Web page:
Selling to the action sports consumer, as I define it, means you better have the product they want. What happens when Large Brand X has a deal with you that requires you to carry their product which, not surprisingly, they’d rather you sell than Brand Y? But you, the independent retailer, are part of a community, which is why you are successful. And the community wants Brand Y. Not brand X.
In times past, the retailer might have ordered less, send some back, exchange it for what was selling, or said, “Shit, we screwed up ordering this crap” and put it on closeout. Now, I wonder if they have quite the flexibility to do that.
I did hear a story of a retailer this past summer that could have sold the hell out of hoodies given the cool weather but was stuck with racks of board shorts. How does that retailer keep its credibility with its customers, much less make up for the lost sales?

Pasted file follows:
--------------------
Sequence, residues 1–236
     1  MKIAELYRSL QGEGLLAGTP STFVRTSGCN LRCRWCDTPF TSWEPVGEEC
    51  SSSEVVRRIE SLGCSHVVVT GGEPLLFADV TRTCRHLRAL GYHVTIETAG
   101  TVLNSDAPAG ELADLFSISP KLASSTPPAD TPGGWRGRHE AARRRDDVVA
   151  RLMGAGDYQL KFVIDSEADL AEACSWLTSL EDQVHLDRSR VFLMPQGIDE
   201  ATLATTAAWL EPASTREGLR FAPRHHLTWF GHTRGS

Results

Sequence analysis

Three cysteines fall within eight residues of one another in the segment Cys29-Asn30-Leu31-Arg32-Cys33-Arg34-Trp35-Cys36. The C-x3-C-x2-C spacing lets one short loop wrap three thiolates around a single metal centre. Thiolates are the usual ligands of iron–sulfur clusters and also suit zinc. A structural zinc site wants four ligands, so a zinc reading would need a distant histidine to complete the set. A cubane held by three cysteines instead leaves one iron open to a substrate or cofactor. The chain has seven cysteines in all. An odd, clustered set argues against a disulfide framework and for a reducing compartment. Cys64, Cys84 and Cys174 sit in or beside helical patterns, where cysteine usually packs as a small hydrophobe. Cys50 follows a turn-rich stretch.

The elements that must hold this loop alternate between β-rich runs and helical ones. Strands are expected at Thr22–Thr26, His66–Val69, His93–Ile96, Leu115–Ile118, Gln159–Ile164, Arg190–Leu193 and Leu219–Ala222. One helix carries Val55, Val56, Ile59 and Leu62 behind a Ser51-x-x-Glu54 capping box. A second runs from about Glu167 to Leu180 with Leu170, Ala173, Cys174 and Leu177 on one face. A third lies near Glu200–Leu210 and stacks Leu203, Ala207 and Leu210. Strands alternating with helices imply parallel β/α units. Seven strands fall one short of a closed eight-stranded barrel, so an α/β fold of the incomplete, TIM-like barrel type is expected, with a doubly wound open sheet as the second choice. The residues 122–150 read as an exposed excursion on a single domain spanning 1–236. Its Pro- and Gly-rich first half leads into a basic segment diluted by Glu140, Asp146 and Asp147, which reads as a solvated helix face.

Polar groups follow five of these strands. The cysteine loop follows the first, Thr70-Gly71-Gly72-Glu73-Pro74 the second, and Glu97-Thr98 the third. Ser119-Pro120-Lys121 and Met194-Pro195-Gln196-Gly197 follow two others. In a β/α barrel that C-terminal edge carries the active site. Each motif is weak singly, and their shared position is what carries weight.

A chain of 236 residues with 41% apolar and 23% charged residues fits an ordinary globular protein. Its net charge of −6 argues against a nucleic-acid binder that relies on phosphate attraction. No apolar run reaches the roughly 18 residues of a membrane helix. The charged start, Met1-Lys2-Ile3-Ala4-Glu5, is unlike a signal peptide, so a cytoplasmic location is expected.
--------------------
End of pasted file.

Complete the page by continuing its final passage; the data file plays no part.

Recently, there was an interview in Transworld Business where Jake Burton outlined his company’s plans to support local snowboarding shops. I think I’ve got a whole other article to write on the questions I would have asked.
I’m for Burton’s efforts and am really glad Burton has seen the light. But to the extent that any of these brands (snow, skate, or surf) have a relationship with core retailers that create additional limits on the retailer’s ability to respond to their customer base, they may damage that retailer. At some point, I worry that core retailers begin to look (and act?) too much like the stores big brands are opening in malls.
For a long time, there’s been a consensus that core retailers were critical to spotting trends, creating new participants, and building new brands. If we still think that’s true, we need to be a bit cautious about how the retail environment is evolving.



7 replies
  1. GB
    GB says:

    Good stuff JH
    I’d add that the real problem is confidence. Retailers have lost the confidence they had back in the day.